A recent press release from the Consumer Financial Protection Bureau doesn't represent the actual allegations to which a for-profit education company has settled, a Philadelphia attorney says.

On September 12 the CFPB announced it had entered into a consent order with Bridgepoint Education, Inc. This for-profit, post-secondary education company is based in San Diego, and does business as Ashford University and the University of the Rockies.

An investigation conducted by the CFPB, California Attorney General Kamala Harris, and the Department of Education led to allegations that Bridgepoint deceived students into taking out private student loans that ended up costing more than what was advertised by the college.

The resulting consent order requires Bridgepoint to discharge all outstanding private loans it made to students and to refund loan payments made by borrowers. In addition to more than $23.5 million in loan forgiveness and refunds, Bridgepoint must also pay an $8 million civil penalty to the CFPB.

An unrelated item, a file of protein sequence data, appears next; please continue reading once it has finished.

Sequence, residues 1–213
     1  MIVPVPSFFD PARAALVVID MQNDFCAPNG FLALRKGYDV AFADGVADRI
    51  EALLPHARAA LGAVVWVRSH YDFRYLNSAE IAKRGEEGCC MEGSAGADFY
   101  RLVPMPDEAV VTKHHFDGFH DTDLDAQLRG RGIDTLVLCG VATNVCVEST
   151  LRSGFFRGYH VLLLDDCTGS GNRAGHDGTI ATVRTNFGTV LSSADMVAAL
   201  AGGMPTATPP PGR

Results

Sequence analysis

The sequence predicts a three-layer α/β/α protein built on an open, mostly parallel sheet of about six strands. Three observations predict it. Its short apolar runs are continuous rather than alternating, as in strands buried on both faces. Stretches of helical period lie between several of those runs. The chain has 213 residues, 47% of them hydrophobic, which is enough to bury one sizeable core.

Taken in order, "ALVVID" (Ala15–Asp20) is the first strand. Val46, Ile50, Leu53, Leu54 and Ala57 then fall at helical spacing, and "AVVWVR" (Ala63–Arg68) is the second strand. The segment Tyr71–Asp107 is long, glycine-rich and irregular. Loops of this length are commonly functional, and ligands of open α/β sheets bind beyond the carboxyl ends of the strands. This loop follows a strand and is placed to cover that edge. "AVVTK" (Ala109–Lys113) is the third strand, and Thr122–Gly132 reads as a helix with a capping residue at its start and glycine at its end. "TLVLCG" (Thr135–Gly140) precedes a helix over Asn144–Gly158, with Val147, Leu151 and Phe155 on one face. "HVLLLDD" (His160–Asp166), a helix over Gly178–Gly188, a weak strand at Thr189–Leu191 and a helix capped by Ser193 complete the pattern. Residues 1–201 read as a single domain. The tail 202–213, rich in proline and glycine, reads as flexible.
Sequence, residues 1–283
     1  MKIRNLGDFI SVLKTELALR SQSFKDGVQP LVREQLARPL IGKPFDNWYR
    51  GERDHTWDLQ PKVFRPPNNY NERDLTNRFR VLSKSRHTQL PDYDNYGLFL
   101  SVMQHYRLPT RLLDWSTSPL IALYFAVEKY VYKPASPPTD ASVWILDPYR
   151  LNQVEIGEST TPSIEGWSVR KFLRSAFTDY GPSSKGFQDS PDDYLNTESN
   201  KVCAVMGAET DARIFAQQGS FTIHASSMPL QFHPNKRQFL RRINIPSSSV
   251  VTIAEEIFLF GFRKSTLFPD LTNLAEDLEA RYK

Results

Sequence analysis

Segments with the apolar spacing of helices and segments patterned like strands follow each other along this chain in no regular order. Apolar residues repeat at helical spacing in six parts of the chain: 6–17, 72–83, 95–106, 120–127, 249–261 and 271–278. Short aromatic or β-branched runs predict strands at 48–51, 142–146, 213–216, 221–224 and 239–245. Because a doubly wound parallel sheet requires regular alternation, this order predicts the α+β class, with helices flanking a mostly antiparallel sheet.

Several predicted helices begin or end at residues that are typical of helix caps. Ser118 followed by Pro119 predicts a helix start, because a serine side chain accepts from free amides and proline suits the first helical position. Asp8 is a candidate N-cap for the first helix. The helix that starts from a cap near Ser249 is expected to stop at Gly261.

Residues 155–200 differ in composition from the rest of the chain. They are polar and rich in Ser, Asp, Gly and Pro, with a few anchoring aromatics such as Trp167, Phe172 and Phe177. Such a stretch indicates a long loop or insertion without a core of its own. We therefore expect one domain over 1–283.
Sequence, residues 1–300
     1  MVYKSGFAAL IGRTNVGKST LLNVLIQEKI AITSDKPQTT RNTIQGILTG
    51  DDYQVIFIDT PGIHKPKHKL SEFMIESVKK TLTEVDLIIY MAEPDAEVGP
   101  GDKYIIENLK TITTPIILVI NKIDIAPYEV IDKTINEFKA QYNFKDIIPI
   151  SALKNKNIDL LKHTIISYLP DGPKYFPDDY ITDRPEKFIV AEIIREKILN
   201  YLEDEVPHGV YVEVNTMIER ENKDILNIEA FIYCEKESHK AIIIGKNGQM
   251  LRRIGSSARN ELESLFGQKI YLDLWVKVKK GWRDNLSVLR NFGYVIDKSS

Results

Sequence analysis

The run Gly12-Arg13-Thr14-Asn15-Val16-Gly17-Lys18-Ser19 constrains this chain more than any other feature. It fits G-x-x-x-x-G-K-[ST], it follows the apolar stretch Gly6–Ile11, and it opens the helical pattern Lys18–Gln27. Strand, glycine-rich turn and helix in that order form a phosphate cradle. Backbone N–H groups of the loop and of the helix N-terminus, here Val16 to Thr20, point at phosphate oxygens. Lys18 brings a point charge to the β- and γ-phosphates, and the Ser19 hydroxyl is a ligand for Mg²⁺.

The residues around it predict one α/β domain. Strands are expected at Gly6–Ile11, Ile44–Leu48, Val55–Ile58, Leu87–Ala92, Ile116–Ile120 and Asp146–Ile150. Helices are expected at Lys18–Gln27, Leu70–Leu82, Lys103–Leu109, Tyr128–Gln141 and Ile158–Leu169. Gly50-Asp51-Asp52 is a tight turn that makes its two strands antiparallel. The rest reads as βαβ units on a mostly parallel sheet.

John L. Culhane Jr., an attorney and partner with Ballard Spahr LLP, said the amount of the penalty seems excessive.

"It's always hard to assess [the amount of the penalties] because the CFPB has said very little about how it determines the amount of any civil money penalty," he said.

"As is often the case with the CFPB, the press release doesn't line up with the allegations in the consent order. The press release implies that Bridgepoint deceived all of its student borrowers.

"The consent order doesn't allege that the oral payment representations were made all of the time, or even most of the time. It doesn't even allege that any students relied on the representations. It only asserts that these oral representations happened 'many' times and that 'many' students ended up making payments in excess of $25."

Culhane also emphasized that the CFPB's consent order did not allege that Bridgepoint failed to provide truth-in-lending disclosure statements for the Bridgepoint loans, "so all of those students would have received a disclosure of their payment schedule before signing their loan documents," he said.